Capcom strikes gold with new HD game collection
Published: Wednesday, April 18, 2012
Updated: Tuesday, April 17, 2012 21:04
Capcom’s “Devil May Cry” series is an anthology of games that has enthralled and enraged its most loyal fans. The goal of an HD collection is to allow the older generation of players to rekindle their love for a series, while leaving each game’s core mechanics set in stone. “The Devil May Cry HD Collection” most certainly accomplishes this for better and for worse.
To begin, the HD collection, which was released April 3 for Xbox 360 and PS3, comes packaged with polished versions of all three “Devil May Cry” games and surprise bonus content.
The surprise bonus content section contains artwork and all of the soundtracks from the “Devil May Cry” trilogy. Shockingly, the original artwork from the original “Devil May Cry” is the most intriguing. It contains many of the ideas that Capcom had to drop during the development process, which could have taken the series in an entirely different direction.
Each game on the disk has been upgraded with audio enhancements that make listening to them a pleasure and the voice acting sounds clean.
Sound effects such as a sword being swung resonates well and listening to enemies scream to their deaths as they crumble is satisfying. Hearing the sound of glass, wood or concrete slap underneath Dante’s boots and a remastered score provides the player with an overall improved experience.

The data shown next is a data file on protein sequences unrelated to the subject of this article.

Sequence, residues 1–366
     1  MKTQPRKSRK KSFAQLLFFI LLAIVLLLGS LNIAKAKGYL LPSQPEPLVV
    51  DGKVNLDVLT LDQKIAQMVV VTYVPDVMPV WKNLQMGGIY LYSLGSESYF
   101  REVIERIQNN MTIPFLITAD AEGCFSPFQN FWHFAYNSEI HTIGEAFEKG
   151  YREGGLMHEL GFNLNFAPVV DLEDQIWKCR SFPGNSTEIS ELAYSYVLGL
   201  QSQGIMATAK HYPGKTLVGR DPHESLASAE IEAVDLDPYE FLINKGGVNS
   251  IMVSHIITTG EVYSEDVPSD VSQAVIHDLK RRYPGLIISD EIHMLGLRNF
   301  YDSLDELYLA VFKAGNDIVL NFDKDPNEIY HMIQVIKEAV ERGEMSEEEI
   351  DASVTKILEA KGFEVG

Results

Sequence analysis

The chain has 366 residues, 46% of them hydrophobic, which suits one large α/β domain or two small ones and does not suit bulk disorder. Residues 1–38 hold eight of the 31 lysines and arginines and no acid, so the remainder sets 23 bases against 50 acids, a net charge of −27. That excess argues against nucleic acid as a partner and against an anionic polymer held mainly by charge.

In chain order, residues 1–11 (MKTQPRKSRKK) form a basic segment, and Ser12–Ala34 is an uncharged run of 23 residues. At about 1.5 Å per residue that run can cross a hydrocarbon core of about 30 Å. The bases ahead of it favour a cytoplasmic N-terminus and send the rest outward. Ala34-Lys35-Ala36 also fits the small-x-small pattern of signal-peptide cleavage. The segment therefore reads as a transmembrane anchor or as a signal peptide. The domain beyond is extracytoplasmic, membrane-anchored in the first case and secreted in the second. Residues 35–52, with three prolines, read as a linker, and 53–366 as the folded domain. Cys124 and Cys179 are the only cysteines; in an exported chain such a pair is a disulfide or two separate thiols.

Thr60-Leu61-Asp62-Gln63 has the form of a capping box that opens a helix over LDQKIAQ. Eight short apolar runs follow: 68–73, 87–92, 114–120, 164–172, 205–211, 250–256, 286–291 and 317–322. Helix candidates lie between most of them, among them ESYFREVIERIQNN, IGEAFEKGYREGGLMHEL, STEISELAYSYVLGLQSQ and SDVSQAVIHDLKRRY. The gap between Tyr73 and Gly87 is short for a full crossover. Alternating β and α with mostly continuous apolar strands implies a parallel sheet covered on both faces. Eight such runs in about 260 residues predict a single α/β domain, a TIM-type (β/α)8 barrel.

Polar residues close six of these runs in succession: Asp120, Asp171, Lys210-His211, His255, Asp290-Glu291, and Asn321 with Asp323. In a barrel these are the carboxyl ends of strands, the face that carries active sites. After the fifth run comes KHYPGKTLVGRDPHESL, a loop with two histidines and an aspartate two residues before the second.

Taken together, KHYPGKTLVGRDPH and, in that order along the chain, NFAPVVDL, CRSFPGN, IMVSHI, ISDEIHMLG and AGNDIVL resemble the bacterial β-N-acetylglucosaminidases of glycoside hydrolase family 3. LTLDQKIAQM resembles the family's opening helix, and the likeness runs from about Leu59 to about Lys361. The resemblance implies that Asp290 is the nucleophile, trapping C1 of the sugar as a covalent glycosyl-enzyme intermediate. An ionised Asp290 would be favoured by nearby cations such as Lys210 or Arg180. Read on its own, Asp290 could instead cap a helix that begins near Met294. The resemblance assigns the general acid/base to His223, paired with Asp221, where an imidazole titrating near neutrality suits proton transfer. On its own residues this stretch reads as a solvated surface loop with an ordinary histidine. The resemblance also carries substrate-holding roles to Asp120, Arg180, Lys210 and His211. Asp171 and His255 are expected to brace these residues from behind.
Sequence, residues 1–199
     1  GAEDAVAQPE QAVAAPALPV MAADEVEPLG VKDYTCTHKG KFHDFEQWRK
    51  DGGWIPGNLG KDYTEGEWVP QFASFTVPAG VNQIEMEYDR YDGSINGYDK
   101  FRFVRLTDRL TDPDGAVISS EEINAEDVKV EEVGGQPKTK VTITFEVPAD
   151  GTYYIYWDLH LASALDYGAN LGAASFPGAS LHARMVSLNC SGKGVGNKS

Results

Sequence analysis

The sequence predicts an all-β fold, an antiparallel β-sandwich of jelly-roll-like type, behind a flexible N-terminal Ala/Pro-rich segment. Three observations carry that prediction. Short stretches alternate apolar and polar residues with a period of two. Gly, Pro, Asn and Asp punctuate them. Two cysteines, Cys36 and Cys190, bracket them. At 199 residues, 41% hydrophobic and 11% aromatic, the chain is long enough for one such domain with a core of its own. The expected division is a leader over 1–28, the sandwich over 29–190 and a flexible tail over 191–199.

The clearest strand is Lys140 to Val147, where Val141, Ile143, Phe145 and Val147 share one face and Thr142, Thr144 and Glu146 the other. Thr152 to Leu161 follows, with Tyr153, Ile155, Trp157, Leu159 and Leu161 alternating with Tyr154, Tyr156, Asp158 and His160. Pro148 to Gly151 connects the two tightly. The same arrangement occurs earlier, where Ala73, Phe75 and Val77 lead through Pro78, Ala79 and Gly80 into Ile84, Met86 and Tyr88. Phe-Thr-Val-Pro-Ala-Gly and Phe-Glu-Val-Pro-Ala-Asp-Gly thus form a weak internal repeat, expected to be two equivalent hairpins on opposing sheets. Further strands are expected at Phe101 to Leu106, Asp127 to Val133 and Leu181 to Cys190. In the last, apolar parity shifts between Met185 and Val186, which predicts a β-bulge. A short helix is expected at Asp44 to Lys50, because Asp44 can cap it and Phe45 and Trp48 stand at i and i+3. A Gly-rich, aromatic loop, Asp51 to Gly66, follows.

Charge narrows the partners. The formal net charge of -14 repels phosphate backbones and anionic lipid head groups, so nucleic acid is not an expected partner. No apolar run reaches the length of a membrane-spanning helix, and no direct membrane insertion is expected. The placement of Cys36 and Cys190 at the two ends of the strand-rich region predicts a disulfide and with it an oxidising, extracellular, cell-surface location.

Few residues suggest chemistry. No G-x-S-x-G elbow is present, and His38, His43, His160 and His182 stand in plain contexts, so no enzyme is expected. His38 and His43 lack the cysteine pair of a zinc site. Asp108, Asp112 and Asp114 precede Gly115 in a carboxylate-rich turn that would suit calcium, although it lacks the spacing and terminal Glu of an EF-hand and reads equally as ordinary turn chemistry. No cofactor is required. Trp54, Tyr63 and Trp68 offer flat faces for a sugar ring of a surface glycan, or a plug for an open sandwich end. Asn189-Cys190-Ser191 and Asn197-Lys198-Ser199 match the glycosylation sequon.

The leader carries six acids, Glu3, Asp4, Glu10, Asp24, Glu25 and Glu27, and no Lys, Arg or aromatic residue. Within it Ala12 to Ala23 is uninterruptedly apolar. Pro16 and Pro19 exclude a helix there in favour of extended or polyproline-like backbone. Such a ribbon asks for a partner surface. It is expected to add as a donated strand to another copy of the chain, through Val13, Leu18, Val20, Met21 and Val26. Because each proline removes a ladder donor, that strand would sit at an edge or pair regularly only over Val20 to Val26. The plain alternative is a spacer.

As promised, the gameplay mechanics are all intact. “Devil May Cry” and “Devil May Cry 3” both handle spectacularly and are still extremely fun to play; boss battles are intense and death is around every corner.
“Devil May Cry 2” on the other hand, is still a highly flawed game with horrible pacing and aggravating boss battles. The title is jam-packed with a vast amount of innovative ideas but its execution is way off.
A minor problem that plagues all three games is the camera that continuously fights back. It is only a minor gripe and is not a huge nuisance.
Graphically, “Devil May Cry” is the title that appeared to receive the most focus and attention from Capcom. Lighting is inserted where it wasn’t previously and miniscule details such as glass and blood have been added to specific scenes. The backgrounds in “Devil May Cry 2” still look visually unpleasant, and the only objects that are polished are the main characters. “Devil May Cry 3” is already an aesthetically impressive game. Levels now look smooth instead of fuzzy, plus Capcom cleaned up small defects on the main characters and in-game cut-scenes.
Overall, Capcom and Pipeworks Software did an exceptional job and handled this port with great care. For those who have not jumped on the “Devil May Cry” bandwagon yet, this collection is a good place to start.